“You’re young, you haven’t done anything, and no one wants to work with you,” our first agent said to us after we graduated film school. He was absolutely right. We were trying to write what we thought were mainstream Hollywood comedies but to our shock, it was hard to get the second screenplay we’d ever written to the biggest comedy stars on the planet. That’s when we decided to write something smaller for two local New York comedians who we thought were hilarious and, more importantly, we thought we could get. Six months later, we had a screenplay about two […]
“Fuck you.” With those opening words of Savages, author Don Winslow delivered a kick to the teeth of the literary world. The jarring and unorthodox novel — about a trio of beach bum lovers-turned-drug kingpins and with a writing style that ranges from poetry to screenplay — became a New York Times Bestseller and a shot in the arm to Winslow’s already successful career. The author had penned more than ten novels prior to Savages, including the Neal Carey series, while moonlighting as a private investigator during grad school and the meticulous DEA/drug cartel fueled intrigue of The Power of the Dog, […]
Telling the origin story of the creature that terrified us in Alien over three decades ago, Ridley Scott’s Prometheus is one of this summer’s most hotly anticipated films. But somewhat surprisingly, the origins of the screenplay came as much from a screenwriter’s general meeting as the story material developed for that original movie. At a meeting in the offices of Scott’s production company, Scott Free, screenwriter Jon Spaihts was asked to riff on the possibilities of a film that would revisit the Alien universe. What resulted is Prometheus, with a script credited to Spaihts and Damon Lindelof. Below I ask […]
If you’ve come anywhere near the blog or print magazine recently, you’ll know that Filmmaker — myself, and much of our staff — are in love with Joachim Trier’s feature, Oslo, August 31st, which opened this weekend from Strand Releasing. I sat down with Trier last month for a short chat, posted below. We talk about the movie’s inspirations, the Louis Malle film based on the same book, adaptation, and then Trier gives some very solid and inspiring advice to young directors. Also, read my interview with Trier from the Winter, 2012 issue.
The Sundance Institute announced today the roster for its June Directors and Screenwriters Lab. The complete press release follows. Los Angeles, CA — Sundance Institute today announced the 13 projects selected for its annual June Directors and Screenwriters Labs, taking place at the Sundance Resort in Utah from May 28 through June 28. Under the leadership of Michelle Satter, Founding Director of the Institute’s Feature Film Program, and the artistic direction of Gyula Gazdag, the projects selected for this year’s program include emerging filmmakers and projects from the United States, Italy, Romania, Australia, Algeria, France, Chile and the UK. Directors […]
About 18 months ago I blogged about the new Amazon Studios venture, in which screenwriters submit their projects to the internet commerce giant for crowdsourced development and possible production. There was a lot of initial interest in Amazon Studios when it was announced, but I, like many other observers, found the terms shockingly poor for writers. I asked, why would you give “a company with a $74 billion market cap an 18-month free option on your original project?” Especially when, according to Amazon Studio’s original terms, there were scenarios in which that original work could have been exploited with you […]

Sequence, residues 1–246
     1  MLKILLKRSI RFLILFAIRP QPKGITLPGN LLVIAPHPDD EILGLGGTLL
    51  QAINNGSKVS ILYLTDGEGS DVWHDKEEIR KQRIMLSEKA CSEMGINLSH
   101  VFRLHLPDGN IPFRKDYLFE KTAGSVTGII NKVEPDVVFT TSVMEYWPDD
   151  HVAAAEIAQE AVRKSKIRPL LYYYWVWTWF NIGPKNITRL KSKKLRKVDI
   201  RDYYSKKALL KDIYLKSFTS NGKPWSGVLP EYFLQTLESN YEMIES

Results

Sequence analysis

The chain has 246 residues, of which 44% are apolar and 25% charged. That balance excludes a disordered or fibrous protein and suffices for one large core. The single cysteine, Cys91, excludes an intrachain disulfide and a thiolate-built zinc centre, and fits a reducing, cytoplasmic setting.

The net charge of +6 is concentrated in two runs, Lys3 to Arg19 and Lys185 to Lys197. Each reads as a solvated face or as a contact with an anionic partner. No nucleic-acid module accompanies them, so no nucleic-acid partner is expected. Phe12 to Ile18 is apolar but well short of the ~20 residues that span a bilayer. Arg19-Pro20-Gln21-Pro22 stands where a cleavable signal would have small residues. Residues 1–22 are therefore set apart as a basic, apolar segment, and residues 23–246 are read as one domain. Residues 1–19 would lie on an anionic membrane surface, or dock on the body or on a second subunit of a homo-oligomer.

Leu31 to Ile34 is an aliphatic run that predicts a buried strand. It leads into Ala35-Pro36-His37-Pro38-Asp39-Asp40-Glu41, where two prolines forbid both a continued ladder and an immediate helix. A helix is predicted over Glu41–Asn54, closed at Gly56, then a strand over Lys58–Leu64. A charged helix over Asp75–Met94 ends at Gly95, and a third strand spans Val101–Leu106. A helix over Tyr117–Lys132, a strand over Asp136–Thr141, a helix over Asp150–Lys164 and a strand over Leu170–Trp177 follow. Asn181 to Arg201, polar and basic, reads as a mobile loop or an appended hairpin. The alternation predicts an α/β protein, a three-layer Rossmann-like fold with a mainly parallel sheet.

Becoming a good writer is not just about writing well — it’s about rewriting well. I know plenty of promising writers who positively fail at that essential skill. They are unable to move beyond their first drafts, to process feedback, and to shape their own raw material into production-worthy scripts. This summer a resource for the self-aware among this set is being offered by Columbia University. Columbia’s Film School chair Ira Deutchman recently announced the Screenplay Revision Workshop, which is open to all. From Ira’s blog at Tribeca: In all my years in the film business and my travels around […]
In this episode of Brad Listi’s Other People Podcast, novelist Rex Pickett discusses the origins of his book Sideways, the basis for Alexander Payne’s hit movie. Pickett has written a sequel to Sideways called Vertical, and in the podcast he talks about why he’s self-published it. There’s a lot here about a writer’s take on the movie business, how success doesn’t protect you from rejection, and, uh, Pickett also has a few things to say about producer Michael London.
I have come across many folks who have allowed the completion of a perfect script to derail their entire production. I have also sat through (I’m including my own films here) more films that I can remember in which the filmmakers hoped improv will create something magical. In microbudget the latter is a necessity, in large indie films, it’s risky, and in Hollywood, no one but a select few can pull it off. I recently started a conversation with an Austin filmmaker in the very thick of making her second feature film, What’s the Use (pictured below), and this battle […]
Sometimes people ask me how I went from living in Los Angeles, writing a studio film like 40 Days & 40 Nights, to living in Minneapolis, directing an independent comedy like nobody. It’s a fair question but it seems there’s a subtext here, too. Many people think independent film is a step down from the studio system. And I’m sure it is — for some people. But let’s go back. 40 Days & 40 Nights is about a guy who gives up sex for lent and then meets the perfect girl. The short version of how it was made goes […]